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Abstract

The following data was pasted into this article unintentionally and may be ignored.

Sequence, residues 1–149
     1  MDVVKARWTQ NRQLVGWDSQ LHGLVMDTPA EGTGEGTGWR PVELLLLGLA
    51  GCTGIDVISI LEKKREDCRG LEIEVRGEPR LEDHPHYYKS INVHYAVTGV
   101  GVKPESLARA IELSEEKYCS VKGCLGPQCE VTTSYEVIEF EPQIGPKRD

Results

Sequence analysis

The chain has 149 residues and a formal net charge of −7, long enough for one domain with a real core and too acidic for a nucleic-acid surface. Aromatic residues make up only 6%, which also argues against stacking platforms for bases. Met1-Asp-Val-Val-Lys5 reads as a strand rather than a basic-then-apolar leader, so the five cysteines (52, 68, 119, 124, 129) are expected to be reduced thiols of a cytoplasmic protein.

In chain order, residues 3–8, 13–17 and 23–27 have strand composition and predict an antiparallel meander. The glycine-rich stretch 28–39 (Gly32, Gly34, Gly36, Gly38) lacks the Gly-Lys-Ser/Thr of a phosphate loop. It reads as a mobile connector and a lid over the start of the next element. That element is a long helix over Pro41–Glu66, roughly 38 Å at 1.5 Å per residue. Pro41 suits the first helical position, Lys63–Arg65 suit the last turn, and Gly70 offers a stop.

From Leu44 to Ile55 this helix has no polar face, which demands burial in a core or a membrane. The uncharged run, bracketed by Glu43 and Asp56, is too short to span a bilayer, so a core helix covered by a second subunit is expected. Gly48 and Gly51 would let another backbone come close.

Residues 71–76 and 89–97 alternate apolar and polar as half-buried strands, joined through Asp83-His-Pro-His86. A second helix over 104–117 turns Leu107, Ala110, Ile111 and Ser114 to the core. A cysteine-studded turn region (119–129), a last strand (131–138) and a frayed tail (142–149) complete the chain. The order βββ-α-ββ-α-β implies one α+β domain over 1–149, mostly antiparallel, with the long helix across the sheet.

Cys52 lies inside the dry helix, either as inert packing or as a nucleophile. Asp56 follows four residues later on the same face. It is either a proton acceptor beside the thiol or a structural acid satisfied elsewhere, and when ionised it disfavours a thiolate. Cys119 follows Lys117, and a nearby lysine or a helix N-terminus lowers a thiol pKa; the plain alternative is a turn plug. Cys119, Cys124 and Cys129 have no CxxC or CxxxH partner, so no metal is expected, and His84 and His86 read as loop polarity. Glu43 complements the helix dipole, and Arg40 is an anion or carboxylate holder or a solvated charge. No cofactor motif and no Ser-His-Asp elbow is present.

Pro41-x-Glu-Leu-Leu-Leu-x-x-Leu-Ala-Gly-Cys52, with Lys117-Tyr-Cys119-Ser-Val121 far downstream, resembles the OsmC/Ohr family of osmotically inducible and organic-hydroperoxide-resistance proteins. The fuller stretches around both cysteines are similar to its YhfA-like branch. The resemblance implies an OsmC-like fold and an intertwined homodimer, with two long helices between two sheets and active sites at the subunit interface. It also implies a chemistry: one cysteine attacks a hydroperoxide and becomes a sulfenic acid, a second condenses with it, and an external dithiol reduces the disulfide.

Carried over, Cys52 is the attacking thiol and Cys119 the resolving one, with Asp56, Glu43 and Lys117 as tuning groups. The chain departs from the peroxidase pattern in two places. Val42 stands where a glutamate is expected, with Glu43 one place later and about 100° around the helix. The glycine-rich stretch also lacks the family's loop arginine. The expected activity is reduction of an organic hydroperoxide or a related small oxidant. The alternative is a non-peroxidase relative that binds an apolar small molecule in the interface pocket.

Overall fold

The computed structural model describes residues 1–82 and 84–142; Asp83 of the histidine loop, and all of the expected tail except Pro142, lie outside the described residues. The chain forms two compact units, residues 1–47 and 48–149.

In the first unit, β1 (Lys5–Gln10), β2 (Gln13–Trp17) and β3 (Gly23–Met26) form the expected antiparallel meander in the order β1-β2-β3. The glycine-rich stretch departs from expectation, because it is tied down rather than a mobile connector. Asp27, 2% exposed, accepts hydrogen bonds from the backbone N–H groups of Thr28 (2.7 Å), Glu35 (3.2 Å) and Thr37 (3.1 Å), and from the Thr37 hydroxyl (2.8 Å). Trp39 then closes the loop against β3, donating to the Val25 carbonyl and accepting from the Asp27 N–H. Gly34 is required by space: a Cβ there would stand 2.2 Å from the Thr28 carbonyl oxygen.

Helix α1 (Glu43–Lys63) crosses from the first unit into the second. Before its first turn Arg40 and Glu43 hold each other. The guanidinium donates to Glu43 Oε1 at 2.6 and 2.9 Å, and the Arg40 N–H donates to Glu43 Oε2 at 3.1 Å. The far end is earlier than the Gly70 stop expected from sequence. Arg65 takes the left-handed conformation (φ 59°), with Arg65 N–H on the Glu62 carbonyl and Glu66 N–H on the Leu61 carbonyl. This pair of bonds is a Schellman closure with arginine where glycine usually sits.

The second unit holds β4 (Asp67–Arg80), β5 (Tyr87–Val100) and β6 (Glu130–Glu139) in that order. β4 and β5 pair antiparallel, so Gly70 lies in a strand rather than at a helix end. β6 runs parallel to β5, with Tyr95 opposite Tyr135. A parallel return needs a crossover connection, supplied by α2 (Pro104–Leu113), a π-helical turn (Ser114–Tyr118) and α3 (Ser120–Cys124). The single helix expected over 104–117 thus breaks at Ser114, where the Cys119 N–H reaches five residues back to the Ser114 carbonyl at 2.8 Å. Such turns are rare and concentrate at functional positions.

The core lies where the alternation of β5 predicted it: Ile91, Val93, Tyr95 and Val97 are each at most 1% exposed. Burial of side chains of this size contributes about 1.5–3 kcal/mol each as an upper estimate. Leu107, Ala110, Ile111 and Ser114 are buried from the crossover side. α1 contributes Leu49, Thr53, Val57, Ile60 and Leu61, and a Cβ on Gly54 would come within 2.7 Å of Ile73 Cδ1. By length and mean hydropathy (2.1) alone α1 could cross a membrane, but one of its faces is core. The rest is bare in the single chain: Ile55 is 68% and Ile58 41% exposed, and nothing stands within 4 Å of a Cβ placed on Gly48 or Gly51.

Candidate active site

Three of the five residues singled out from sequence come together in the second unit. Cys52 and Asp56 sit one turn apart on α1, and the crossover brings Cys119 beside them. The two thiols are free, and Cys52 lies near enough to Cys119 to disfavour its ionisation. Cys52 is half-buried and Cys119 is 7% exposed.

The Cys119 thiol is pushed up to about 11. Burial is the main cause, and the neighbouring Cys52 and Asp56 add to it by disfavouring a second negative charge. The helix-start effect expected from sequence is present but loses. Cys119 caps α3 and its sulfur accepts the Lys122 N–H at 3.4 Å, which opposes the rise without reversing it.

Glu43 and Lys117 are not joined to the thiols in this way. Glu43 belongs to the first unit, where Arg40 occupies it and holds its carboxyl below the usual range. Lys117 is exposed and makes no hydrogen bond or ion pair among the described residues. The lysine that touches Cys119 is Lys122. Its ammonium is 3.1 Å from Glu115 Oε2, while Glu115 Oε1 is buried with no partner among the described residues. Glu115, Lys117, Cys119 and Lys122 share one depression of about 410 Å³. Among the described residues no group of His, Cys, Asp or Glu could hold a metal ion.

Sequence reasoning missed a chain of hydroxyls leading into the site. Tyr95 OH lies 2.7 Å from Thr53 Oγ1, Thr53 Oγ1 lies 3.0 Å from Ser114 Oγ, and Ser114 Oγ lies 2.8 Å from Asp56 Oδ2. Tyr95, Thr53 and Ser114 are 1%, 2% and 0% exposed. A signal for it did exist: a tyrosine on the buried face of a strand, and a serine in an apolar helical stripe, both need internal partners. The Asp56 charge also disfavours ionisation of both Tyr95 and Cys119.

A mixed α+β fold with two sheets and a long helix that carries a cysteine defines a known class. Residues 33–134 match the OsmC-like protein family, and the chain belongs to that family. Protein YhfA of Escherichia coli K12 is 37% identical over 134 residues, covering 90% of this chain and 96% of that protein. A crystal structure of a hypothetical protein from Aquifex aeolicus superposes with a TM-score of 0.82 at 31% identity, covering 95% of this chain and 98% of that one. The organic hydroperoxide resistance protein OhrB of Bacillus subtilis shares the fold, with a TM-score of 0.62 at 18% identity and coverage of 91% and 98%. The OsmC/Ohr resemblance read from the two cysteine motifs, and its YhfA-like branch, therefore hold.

Governments in developed countries aim to increase the market share of organic products as a possibility to improve the environment or animal welfare or as a reaction to food crises and changing consumer preferences. Assuming that organic farming creates a positive externality, we address the question of how this environmental benefit can be internalized best. We use the concepts of heterogeneous producers with different unit production costs and heterogeneous consumers with different preferences for conventional and organic food, and compare two policy options to enhance organic supply and demand with respect to their efficiency and distributional effect: Firstly, we analyze the effect of a supply-side oriented policy like a subsidy on organic production on equilibrium prices and quantities, and producer and consumer welfare. Secondly, we compare this policy measure with a demand-side oriented information policy, which aims to enhance the acceptance and identification of an organic label. The main findings of this paper are that in either case, producers and consumers of conventional food are worse off, organic producers and consumers experience a gain in welfare, but the change in welfare is identical under the two policy options.

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